The battle is over - and when that battle was on the cricket pitch, there’s only one thing to do afterwards.
Crack some beers and bubbly and celebrate a hard-fought contest.
With so much of the Ashes dominated by narratives of hostility between English and Australian players, as well as the crowd, a post-Ashes snap from England and Wales Cricket Board communications man Danny Reuben summed up how both sides were feeling after the series was drawn.
Both teams convened in the England rooms for a few drinks and a chat to celebrate the five match series.
“This is what it’s all about,” Reuben wrote on Twitter.
“The cut and thrust of Ashes cricket. Let’s just have a beer and reminisce. Why cricket is the best!”
England proved too good in the fifth and final Test of the series, bowling Australia out on the fourth day to square the series at 2-2.
While the draw was enough for the Aussies to retain the Ashes, once everyone has had time to rest and recover from an arduous series, there are plenty of questions to be answered about Australia’s future Test hopes.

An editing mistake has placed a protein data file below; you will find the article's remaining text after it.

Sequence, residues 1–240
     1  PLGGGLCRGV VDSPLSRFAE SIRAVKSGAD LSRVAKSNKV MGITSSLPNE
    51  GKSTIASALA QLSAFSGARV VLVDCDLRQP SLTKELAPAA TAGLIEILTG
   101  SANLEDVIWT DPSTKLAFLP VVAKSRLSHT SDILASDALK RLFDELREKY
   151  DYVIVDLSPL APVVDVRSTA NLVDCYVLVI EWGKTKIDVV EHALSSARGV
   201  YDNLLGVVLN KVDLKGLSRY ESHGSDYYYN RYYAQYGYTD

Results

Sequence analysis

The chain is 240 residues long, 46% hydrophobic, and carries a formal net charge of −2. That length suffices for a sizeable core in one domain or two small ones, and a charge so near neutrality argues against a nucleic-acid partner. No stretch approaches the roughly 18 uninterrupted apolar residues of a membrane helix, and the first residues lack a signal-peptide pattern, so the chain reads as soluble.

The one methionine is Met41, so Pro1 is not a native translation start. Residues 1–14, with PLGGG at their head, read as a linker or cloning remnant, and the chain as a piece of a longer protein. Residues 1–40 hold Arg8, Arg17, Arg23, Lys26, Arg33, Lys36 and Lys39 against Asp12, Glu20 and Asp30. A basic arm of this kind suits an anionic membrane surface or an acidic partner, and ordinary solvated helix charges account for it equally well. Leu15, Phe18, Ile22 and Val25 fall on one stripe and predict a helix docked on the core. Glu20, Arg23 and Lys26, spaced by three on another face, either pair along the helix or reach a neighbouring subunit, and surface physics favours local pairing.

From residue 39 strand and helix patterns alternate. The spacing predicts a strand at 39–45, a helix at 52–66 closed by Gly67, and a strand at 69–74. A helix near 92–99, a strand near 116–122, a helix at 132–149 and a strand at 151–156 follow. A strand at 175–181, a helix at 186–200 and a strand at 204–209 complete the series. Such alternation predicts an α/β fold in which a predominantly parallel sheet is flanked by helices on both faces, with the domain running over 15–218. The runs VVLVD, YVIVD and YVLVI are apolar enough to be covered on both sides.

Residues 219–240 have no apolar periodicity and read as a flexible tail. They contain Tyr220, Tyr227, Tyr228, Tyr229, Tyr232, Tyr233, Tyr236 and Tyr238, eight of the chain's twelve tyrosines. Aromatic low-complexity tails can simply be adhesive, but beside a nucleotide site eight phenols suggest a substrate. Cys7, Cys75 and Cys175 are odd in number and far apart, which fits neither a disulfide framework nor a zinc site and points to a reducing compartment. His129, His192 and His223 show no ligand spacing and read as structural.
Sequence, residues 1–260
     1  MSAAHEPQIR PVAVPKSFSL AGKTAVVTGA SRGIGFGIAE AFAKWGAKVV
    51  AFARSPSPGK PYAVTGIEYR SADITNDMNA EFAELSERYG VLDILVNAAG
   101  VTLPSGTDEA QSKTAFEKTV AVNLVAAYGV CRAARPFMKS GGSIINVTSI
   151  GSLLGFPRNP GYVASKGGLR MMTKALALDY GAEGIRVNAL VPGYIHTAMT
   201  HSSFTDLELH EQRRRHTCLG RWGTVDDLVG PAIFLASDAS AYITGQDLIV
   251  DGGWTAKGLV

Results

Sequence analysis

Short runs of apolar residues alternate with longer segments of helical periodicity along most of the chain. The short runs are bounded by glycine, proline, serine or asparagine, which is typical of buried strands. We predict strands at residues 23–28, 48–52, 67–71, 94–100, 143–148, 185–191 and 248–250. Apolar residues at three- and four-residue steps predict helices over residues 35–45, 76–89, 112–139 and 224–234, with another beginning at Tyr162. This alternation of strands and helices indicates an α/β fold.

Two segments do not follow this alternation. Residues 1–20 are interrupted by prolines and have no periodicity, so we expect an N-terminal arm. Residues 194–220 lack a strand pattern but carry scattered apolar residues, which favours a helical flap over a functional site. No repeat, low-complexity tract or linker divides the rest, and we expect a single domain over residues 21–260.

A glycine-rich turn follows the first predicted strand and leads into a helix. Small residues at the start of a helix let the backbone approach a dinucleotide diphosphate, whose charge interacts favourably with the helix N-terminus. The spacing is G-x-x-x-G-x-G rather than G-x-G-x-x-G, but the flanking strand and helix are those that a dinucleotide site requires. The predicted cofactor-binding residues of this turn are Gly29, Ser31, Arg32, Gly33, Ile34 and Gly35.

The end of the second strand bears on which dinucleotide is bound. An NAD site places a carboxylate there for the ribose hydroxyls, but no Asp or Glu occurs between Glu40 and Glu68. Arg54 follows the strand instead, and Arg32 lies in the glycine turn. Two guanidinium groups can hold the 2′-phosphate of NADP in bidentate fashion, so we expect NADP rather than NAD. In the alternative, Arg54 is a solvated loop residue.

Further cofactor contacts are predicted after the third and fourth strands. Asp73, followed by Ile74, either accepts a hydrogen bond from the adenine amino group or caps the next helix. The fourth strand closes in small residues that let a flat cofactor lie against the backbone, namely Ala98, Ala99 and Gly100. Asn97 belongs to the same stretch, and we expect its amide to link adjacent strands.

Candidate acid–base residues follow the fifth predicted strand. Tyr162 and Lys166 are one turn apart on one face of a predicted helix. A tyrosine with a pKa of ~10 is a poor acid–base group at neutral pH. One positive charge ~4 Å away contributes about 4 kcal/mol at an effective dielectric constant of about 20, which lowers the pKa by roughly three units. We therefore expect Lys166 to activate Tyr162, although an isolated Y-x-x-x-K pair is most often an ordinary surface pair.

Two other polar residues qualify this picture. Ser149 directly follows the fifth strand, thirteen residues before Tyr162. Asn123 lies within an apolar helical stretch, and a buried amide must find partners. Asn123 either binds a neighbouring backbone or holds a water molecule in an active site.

Openers set embarrassing record
Australia may have retained the Ashes, but there are certainly plenty of issues to sort out heading into the Australian summer of cricket.
Steve Smith enjoyed the the greatest single series by a batsman this century, Matthew Wade and Marnus Labuschagne cemented their places in the XI, and the bowlers were typically superb.
But the glaring weakness lies with our openers.
When Marcus Harris was dismissed for 9 on the morning of day four at The Oval, it marked the 14th time in the series that one of Australia’s openers made a single-figure score.
To put that into context, the previous world record was 13 times set by England in South Africa in 1905-06.
Warner also achieved the ignominious feat of being dismissed for the most single-figure scores by an opening batsman in one series ever.
His 95 runs at an average of 9.50 were also the lowest in a series of at least 10 innings.